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October 21, 2004

With only twelve days remaining until the election, we are extremely concerned about the slow pace of action, the lack of a public process, and the direction this conference is taking. Despite opening statements indicating a willingness to work in bipartisan, bicameral fashion, the conference ended with a unilateral proposal from House Republicans.

Although 75% of the conferees, representing the Senate majority and minority and the House minority, are focused on the core recommendations of the 9/11 Commission, a minority faction comprised of House Republicans is thwarting the process. This is occurring despite Speaker Hastert's promise to us that the House would not derail final consensus.

We saw this same pattern when there was resistance to the creation of the 9/11 Commission, to funding for the Commission, and to the Commission's extension. Yet with the help of public awareness, those roadblocks were overcome.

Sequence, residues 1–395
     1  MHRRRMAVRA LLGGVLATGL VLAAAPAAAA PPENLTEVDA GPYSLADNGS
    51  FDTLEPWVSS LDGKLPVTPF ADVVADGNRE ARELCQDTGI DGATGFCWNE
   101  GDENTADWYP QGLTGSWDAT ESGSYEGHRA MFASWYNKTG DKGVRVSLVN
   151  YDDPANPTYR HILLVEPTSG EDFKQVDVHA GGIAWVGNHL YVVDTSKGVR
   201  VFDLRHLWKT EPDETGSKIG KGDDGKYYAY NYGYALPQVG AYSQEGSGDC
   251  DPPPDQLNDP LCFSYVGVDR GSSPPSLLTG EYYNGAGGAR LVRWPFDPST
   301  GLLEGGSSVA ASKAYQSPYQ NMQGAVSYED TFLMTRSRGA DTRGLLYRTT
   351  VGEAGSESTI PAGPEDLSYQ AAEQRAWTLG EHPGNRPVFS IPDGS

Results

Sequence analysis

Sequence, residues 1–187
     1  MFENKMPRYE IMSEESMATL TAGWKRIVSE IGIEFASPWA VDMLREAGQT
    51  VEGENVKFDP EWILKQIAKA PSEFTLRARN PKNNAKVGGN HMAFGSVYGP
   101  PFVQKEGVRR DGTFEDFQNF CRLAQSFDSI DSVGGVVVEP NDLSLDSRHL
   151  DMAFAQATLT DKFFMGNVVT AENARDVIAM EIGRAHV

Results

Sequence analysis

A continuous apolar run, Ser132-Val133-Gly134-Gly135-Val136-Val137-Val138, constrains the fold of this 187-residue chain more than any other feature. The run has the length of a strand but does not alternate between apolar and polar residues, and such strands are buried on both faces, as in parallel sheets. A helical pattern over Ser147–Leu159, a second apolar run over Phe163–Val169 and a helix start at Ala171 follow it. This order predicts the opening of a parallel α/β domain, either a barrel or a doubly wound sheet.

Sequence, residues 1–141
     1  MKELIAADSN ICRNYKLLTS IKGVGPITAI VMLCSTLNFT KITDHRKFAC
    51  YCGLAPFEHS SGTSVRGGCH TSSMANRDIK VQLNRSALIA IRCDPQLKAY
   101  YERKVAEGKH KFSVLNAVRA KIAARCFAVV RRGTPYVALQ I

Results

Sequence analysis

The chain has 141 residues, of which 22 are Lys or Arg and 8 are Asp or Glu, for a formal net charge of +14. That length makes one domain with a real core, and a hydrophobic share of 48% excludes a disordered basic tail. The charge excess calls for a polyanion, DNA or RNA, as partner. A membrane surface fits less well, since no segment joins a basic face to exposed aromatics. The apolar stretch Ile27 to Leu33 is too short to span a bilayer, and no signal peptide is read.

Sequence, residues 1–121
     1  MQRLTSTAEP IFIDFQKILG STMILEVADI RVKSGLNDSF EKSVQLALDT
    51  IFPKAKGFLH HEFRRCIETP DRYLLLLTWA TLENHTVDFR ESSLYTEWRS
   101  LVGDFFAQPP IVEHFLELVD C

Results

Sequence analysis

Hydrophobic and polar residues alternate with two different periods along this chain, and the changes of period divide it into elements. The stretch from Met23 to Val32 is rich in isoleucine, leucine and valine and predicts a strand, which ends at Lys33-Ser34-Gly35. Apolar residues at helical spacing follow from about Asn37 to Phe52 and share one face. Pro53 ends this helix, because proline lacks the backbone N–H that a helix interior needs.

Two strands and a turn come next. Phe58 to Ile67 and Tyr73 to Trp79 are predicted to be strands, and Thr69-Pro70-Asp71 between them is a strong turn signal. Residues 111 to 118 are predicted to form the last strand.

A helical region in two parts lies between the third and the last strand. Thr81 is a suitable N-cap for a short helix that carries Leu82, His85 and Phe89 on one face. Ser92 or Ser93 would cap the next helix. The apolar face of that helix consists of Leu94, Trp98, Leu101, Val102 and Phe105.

We are therefore calling for public meetings so that Americans can see who is holding up action on this critically important legislation. This conference must be conducted in a collaborative public and bipartisan manner rather than behind closed doors.

Yesterday, the first meeting day, was yet another day wasted. No subsequent meetings are scheduled. The conferees should not leave Washington until their job is done.

We need a final product now to restore faith that our government is doing everything in its power to keep us safe. If the legislation doesn't have full support from the White House and the conference doesn't work in a bipartisan manner, the chance of enacting meaningful reform will evaporate.

We support the 9/11 Commission recommendations as embodied in the Senate legislation. We call on the President and House leadership to urge a public, nonpartisan process that everyone can support and that puts a bill on his desk before election day.